The University of Wisconsin Press
Biography / Politics / Wisconsin
The La Follettes of Wisconsin
Love and Politics in Progressive America
Bernard A. Weisberger
An intimate portrait of the Progressive movement and the revealing, poignant story of an American political family
The La Follettes of Wisconsin—Robert, Belle, and their children, Bob Jr., Phil, Fola, and Mary—are vividly brought to life in this collective biography of an American political family. As governor of Wisconsin (1901–06) and U.S. Senator (1906–25), “Fighting Bob” battled relentlessly for his Progressive vision of democracy—an idealistic mixture of informed citizenry and enlightened egalitarianism.
By contrast, the private man suffered from intense, isolated periods of depression and relied heavily on his family for survival. Together, “Old Bob” and his beloved wife, Belle Case La Follette—a lawyer, journalist, and Progressive leader in her own right—raised their children in the distinctly uncompromising La Follette tradition of challenging social and political ills. Fola became a campaigner for women’s suffrage, Phil was governor of Wisconsin, and “Young Bob” became a U.S. Senator.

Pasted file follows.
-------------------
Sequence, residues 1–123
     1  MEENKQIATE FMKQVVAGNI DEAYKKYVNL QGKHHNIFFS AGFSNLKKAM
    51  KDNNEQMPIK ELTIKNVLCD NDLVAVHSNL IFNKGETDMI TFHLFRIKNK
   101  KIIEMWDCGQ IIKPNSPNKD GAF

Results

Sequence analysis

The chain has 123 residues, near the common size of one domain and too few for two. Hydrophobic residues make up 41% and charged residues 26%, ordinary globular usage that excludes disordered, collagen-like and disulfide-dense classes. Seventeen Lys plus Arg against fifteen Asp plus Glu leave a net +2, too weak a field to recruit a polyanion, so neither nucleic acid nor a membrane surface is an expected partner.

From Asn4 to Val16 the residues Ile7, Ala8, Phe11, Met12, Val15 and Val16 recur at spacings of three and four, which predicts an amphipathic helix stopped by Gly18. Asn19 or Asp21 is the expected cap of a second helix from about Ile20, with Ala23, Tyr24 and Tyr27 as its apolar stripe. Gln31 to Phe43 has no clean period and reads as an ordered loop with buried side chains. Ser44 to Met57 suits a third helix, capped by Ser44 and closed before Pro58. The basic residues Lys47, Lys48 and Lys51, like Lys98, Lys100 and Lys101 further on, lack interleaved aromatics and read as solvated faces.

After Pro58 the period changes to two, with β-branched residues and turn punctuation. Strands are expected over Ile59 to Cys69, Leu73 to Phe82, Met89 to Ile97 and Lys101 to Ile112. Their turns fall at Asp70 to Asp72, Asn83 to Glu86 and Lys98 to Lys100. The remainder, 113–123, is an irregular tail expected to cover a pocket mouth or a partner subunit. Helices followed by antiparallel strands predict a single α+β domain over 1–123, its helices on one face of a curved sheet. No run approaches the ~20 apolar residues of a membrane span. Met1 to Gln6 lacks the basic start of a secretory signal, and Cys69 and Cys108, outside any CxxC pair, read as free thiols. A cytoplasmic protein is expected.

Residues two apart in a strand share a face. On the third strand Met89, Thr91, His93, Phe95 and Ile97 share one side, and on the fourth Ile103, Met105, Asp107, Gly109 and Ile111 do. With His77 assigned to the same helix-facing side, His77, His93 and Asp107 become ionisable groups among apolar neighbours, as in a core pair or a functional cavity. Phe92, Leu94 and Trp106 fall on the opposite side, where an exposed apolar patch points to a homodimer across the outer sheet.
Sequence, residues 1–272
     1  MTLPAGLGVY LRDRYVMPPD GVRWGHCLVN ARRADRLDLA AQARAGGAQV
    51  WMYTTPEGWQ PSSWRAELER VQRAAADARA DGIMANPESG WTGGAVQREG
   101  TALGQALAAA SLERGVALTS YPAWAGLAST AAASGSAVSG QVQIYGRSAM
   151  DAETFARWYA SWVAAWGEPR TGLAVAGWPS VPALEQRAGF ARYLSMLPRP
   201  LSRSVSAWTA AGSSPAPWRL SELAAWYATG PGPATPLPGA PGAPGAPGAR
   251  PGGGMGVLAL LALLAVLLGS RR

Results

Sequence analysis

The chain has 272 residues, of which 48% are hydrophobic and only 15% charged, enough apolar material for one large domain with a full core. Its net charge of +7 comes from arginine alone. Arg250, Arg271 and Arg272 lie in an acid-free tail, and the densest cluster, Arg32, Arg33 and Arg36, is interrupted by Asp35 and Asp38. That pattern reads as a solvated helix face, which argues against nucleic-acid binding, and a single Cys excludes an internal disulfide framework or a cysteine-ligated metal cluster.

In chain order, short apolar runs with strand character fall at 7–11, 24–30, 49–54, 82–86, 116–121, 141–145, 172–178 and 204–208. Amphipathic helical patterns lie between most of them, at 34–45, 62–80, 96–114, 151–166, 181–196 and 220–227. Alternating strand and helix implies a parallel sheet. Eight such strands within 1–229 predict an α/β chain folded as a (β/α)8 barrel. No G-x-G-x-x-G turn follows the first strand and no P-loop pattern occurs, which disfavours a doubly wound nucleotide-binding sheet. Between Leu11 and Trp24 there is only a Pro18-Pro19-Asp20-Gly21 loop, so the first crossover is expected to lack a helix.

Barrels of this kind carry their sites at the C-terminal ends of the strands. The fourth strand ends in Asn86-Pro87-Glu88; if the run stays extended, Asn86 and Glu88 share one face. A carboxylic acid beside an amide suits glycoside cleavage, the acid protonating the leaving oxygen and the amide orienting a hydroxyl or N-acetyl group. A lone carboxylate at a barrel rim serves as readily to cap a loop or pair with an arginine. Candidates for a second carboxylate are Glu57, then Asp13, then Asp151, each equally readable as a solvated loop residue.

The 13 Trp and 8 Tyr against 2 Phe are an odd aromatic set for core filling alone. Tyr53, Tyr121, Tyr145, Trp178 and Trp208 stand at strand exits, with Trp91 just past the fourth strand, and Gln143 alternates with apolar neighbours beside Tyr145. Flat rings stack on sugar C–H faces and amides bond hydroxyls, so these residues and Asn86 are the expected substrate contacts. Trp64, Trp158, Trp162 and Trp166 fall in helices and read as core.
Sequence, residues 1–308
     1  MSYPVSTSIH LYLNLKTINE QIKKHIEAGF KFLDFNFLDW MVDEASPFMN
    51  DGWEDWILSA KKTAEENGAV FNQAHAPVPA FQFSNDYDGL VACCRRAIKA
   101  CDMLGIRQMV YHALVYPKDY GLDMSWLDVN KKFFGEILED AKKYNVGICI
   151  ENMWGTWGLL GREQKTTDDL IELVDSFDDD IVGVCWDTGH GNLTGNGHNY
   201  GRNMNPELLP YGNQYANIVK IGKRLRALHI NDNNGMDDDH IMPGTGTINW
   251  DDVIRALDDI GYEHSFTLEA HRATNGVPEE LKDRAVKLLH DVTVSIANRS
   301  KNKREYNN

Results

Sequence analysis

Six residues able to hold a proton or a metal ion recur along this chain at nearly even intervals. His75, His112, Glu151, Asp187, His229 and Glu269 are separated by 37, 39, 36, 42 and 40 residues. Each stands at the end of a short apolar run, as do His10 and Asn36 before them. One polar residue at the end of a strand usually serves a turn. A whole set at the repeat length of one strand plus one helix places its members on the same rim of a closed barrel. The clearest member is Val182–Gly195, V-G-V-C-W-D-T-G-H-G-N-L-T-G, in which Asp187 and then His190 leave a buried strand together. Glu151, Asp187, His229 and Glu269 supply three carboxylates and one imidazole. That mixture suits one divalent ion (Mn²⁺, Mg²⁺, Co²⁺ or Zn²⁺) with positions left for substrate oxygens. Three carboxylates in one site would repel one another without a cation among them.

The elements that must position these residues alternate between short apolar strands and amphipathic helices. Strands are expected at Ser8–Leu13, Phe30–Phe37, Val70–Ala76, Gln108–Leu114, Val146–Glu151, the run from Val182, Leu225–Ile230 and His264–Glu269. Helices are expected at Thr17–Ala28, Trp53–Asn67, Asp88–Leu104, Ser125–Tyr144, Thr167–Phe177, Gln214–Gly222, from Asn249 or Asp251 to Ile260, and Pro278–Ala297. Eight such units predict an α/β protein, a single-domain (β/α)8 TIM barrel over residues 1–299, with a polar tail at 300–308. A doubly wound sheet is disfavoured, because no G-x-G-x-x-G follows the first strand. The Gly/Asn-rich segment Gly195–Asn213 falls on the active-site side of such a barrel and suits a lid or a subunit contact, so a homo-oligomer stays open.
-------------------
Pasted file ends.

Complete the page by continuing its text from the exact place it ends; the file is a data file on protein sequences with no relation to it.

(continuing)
“Highly readable, judicious in tone, aware of the La Follettes’ limitations while insistent upon their manifest accomplishments, committed in its admiration of reform values and goals, and long overdue. Its attention to love and affection within the [La Follette] family demonstrates how important these values and relationships can be to any family, including political ones.” —John E. Miller, Reviews in American History
Bernard A. Weisberger is currently the "In the News" columnist for American Heritage. In his distinguished career he has published seventeen books and countless articles on Americana. His television and film credentials include collaborations with Bill Moyers and Ken Burns.
Inquiries regarding review copies, events, and interviews can be directed to the publicity department at firstname.lastname@example.org or (608) 263-0734.
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FIRST PAPERBACK EDITION
LC: 93-032286 E
382 pp. 6 x 9 24 b/w photos
Paper $26.95 t
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“Focusing on the intense personal relationships that bound the state’s first family together in the pursuit of the public good, Weisberger’s account breaks fresh ground in its analysis of the origins and development of Wisconsin Progressivism and enhances our understanding of Midwestern insurgency.”
—James J. Lorence, Journal of American History
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